Hindbrain

The rhombencephalon, or hindbrain, is composed of two regions: the metencephalon and the myelencephalon. Each of these regions will be discussed separately.

Metencephalon

The metencephalon is composed of the pons and the cerebellum. The pons can be seen as a rounded bulge on the underside of the brain, between the midbrain and the medulla oblongata (fig. 8.19). Surface fibers in the pons connect to the cerebellum, and deeper fibers are part of motor and sensory tracts that pass from the medulla oblongata, through the pons, and on to the midbrain. Within the pons are several nuclei associated with specific cranial nerves—the trigeminal (V), abducens (VI), facial (VII), and vestibulocochlear (VIII). Other nuclei of the pons cooperate with nuclei in the medulla oblongata to regulate breathing. The two respiratory control centers in the pons are known as the apneustic and the pneumotaxic centers.

The cerebellum, containing over a hundred billion neurons, is the second largest structure of the brain. Like the cerebrum, it contains outer gray and inner white matter. Fibers from the cerebellum pass through the red nucleus to the thalamus, and then to the motor areas of the cerebral cortex. Other fiber tracts connect the cerebellum with the pons, medulla oblongata, and spinal cord. The cerebellum receives input from proprioceptors (joint, tendon, and muscle receptors) and, working together with the basal nuclei and motor areas of the cerebral cortex, participates in the coordination of movement.

The cerebellum is needed for motor learning and for coordinating the movement of different joints during a movement. It is also required for the proper timing and force required for limb movements. The cerebellum, for example, is needed in order to touch your nose with your finger, bring a fork of food to your mouth, or find keys by touch in your pocket or purse.

The Central Nervous System

Caudate -

nucleus

Putamen

Caudate nucleus

(tail) Corpus

Ventral , tegmental area

Prefrontal cortex

Putamen

Caudate nucleus

(tail) Corpus

Ventral , tegmental area

Caudate -

nucleus

Prefrontal cortex

Corpus Striatum And Substantia Nigra
Pons

Corpus striatum

Mesolimbic dopamine system

Nigrostriatal dopamine system

■ Figure 8.18 Dopaminergic pathways in the brain. Axons that use dopamine as a neurotransmitter (that are dopaminergic) leave the substantia nigra of the midbrain and synapse in the corpus striatum. This is the nigrostriatal system, used for motor control. Dopaminergic axons from the midbrain to the nucleus accumbens and prefrontal cortex constitute the mesolimbic system, which functions in emotional reward.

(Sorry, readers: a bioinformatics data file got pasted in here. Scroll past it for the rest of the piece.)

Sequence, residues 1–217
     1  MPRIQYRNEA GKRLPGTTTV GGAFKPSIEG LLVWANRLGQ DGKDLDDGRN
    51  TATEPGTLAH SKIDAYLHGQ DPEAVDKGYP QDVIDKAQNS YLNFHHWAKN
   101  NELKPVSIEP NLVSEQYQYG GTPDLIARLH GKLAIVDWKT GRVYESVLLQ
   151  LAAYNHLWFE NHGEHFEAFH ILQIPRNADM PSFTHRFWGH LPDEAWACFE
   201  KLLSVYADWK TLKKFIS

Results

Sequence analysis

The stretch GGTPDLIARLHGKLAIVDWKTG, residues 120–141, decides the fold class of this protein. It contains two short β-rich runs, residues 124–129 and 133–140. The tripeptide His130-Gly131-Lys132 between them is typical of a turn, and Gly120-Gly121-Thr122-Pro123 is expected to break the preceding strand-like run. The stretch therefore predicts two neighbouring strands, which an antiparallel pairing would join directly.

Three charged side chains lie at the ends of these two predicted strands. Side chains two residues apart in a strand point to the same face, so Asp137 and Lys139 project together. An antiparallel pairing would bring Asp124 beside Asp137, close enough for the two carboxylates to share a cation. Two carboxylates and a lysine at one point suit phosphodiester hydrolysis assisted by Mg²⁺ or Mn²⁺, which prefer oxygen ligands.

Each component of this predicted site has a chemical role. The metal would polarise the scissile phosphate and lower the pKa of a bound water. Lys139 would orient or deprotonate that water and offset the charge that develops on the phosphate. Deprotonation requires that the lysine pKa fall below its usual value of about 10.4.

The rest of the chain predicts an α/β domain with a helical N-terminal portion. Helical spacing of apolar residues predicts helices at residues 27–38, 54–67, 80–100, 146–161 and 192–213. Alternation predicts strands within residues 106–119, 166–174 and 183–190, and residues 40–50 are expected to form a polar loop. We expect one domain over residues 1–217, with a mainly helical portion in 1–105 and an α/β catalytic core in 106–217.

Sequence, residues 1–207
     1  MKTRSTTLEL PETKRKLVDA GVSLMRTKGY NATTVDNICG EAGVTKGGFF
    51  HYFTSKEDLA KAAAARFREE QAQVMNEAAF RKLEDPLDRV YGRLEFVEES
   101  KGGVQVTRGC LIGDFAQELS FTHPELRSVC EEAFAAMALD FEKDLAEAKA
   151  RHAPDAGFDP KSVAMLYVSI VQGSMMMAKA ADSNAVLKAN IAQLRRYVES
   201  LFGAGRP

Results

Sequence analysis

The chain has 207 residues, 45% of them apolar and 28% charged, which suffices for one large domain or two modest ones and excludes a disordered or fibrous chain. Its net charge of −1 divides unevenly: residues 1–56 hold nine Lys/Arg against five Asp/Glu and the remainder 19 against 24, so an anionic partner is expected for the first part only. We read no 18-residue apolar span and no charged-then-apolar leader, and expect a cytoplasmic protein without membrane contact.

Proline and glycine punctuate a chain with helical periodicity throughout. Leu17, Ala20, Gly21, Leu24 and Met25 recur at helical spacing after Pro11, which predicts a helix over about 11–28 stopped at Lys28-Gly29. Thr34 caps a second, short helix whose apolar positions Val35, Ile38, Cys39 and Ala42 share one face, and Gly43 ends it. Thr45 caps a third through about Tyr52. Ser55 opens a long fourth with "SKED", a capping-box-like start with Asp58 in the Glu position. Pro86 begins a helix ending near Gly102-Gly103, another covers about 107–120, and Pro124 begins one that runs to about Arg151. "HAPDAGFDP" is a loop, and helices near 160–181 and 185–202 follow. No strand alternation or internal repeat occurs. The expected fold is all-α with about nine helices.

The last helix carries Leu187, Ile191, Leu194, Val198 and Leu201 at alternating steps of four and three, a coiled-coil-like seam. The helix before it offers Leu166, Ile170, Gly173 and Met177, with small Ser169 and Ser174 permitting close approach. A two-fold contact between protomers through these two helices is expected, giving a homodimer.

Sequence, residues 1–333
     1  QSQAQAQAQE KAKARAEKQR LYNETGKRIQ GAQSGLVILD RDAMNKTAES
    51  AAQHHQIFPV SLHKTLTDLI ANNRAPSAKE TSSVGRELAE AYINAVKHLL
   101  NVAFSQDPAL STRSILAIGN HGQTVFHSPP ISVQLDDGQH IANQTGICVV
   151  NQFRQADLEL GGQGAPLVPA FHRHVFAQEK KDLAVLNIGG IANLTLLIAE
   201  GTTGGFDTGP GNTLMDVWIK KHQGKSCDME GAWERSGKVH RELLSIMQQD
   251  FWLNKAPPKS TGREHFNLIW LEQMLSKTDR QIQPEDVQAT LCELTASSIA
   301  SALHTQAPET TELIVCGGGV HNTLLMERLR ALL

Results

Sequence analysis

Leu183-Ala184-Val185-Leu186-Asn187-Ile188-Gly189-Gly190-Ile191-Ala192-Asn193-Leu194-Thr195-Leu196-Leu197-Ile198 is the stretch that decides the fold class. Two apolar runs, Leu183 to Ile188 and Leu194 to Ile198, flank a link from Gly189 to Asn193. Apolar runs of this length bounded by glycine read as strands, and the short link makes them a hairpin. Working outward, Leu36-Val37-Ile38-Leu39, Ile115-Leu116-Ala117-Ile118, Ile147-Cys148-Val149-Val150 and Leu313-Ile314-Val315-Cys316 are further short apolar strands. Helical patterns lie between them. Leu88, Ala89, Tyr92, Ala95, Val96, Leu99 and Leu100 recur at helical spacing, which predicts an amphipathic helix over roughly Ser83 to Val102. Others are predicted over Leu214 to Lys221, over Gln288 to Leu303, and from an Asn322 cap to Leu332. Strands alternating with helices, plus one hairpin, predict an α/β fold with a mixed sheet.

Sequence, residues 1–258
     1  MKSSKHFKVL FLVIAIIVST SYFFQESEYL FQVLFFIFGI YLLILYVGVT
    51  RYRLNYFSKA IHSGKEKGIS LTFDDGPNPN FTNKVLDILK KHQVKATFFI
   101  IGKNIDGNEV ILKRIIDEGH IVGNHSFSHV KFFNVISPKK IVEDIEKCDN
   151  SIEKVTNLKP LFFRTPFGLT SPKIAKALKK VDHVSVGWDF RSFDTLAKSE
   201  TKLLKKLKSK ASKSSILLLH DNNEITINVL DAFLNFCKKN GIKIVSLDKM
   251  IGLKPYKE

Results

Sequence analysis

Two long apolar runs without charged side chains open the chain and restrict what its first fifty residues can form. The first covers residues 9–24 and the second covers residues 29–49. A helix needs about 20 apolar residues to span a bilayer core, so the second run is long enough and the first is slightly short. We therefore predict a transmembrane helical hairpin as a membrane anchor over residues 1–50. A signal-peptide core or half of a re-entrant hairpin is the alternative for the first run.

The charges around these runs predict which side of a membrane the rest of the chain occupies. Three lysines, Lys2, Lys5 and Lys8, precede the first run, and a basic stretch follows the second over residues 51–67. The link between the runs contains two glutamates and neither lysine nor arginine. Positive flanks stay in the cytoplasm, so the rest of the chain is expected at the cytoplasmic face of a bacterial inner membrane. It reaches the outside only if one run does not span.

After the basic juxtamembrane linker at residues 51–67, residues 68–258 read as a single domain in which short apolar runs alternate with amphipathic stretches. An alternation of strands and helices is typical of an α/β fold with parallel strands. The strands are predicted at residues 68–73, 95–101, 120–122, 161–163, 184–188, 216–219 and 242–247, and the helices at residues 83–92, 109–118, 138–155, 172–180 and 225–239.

Table 8.3

Synaptic Effects of Some Abused Drugs

Drug

Action

How Synaptic Transmission Is Affected

Opiates

Stimulates opioid receptors

Exogenous opioids bind to and stimulate the G-protein-coupled receptors for the endogenous opioids.

Cocaine

Inhibits transporter needed for reuptake of dopamine (and serotonin and norepinephrine) into presynaptic axon terminals

Receptors for monoamines are stimulated indirectly because more neurotransmitters remain in the synaptic cleft.

Amphetamines

Stimulates the release of dopamine from dopaminergic neurons

Receptors for dopamine are stimulated indirectly because more dopamine is released into the synaptic cleft.

Ethanol (alcohol)

Facilitates GABA receptor function (promoting inhibition) and inhibits NMDA glutamate receptor function (decreasing excitation)

Receptors for GABA and the NMDA receptors for glutamate are ligand-gated channels, opened directly by binding to these neurotransmitters.

Nicotine

Stimulates nicotinic acetylcholine receptors

Nicotinic ACh receptors are ligand-gated channels, opened directly by binding to ACh or nicotine.

Source: Reprinted by permission from Nature Reviews Neuroscience: Vol. 2, No. 2, p. 120 (2001). Copyright 2001 Macmillan Magazines Ltd.

Source: Reprinted by permission from Nature Reviews Neuroscience: Vol. 2, No. 2, p. 120 (2001). Copyright 2001 Macmillan Magazines Ltd.

Brainstem Hindbrain Midbrain

Midbrain

Brain stem i— Pneumotaxic area respiratory — centers

Medulla oblongata-

Midbrain

Brain stem i— Pneumotaxic area respiratory — centers

Apneustic area L Rhythmicity area -